The stainless steel leaf of the sculpture Orenda is representative of the salix nigra, black willow tree, indigenous to this site. Orenda is an Iroquois word which means place of energy, suggesting the conceptual joining of the leaf as protective canopy and the bridge as passage. The sculpture, in referencing the Iroquois, also suggests the passage of time, evoking reciprocal energy from the earliest cultures that used this site to the cultures that reside here today. The site is bounded on Front Street by a stainless steel fence with a laser-cut willow leaf design. Large granite boulders, graced by fallen willow leaves of stainless steel, are placed in the centre courtyard and the side gardens.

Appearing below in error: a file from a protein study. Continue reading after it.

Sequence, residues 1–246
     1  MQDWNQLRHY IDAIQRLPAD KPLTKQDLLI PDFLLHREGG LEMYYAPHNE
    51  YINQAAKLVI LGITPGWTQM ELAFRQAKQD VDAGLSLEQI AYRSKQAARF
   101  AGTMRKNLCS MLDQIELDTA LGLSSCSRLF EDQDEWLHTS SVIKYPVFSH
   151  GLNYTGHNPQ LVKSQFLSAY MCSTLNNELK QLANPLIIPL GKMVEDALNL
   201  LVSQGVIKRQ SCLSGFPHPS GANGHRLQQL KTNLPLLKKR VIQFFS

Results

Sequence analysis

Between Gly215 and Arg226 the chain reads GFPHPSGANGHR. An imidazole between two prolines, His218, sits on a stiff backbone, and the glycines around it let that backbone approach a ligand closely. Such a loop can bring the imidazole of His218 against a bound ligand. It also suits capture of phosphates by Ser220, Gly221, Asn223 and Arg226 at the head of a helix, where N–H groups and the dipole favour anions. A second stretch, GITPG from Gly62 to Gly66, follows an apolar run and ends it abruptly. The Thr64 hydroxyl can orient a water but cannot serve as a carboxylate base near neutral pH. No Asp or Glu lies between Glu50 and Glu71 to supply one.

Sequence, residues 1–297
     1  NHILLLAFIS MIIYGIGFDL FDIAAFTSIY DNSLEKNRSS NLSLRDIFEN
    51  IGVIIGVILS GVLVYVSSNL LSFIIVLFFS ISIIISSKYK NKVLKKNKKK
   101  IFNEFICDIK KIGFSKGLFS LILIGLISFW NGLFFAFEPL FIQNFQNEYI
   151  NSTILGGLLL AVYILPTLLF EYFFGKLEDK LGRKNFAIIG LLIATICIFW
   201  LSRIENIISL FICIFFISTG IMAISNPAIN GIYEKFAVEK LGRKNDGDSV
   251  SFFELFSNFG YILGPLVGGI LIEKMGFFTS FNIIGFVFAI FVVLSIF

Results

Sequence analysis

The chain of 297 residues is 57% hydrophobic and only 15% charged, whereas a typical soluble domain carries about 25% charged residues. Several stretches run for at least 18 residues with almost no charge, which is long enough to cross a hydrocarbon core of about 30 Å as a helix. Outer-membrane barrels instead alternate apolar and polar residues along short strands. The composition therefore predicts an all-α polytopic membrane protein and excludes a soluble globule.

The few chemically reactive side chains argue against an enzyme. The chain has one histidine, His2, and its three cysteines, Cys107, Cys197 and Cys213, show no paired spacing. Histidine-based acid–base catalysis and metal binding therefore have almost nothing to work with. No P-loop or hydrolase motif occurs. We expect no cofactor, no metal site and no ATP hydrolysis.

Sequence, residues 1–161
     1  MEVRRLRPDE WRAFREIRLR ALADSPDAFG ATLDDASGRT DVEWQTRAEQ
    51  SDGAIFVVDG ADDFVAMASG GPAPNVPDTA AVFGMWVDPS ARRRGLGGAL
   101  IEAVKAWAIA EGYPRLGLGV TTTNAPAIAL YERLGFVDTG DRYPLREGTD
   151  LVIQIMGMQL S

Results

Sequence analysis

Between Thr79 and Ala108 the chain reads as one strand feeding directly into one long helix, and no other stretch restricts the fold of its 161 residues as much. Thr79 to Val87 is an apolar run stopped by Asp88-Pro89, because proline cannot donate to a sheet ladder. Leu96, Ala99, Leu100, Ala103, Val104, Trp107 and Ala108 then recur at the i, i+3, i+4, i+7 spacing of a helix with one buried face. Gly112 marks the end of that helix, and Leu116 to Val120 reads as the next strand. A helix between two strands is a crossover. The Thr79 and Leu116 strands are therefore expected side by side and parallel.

Marlene Hilton Moore
- Stainless steel and granite boulders
- 24 m x 4.6 m x 4.6 m
- 373 -371 Front Street West, Toronto
About the artwork
About the artist
Marlene Hilton-Moore is a self-taught artist born in New Brunswick and living in Ontario. Her work is in numerous collections, including the Canada Council for the Arts’ Art Bank and the Wilfrid Laurier University collection. She has also produced a number of works of public art, including Monument aux Valeureux in Ottawa and Column of Valour, a monument dedicated to volunteer firefighters in Barrie, Ontario.
- The artist was largely influenced by the sight referring to the willow tree once living there, using the sinuous forms of the steel structure to reproduce the branches.
- Moore was always inspired by nature, working with steel to recreate former habitats and natural shapes in order to revitalise urban spaces and areas.
- What challenges does this type of media pose?